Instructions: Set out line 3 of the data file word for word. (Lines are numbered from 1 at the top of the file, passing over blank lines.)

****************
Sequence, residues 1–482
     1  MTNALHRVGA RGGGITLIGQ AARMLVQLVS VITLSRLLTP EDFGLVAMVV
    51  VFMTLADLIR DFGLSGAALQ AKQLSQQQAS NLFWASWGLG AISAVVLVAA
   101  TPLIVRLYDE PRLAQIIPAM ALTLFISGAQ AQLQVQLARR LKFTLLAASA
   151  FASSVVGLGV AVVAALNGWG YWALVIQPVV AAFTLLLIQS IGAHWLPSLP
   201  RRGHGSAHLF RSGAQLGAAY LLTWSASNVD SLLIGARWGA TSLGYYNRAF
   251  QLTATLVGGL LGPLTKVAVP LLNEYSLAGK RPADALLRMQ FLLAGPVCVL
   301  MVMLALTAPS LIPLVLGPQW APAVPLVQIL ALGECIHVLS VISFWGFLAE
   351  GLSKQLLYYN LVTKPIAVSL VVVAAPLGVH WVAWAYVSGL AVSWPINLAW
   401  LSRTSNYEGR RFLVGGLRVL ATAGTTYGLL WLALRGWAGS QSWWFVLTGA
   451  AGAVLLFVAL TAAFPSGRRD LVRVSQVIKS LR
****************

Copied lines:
    51  VFMTLADLIR DFGLSGAALQ AKQLSQQQAS NLFWASWGLG AISAVVLVAA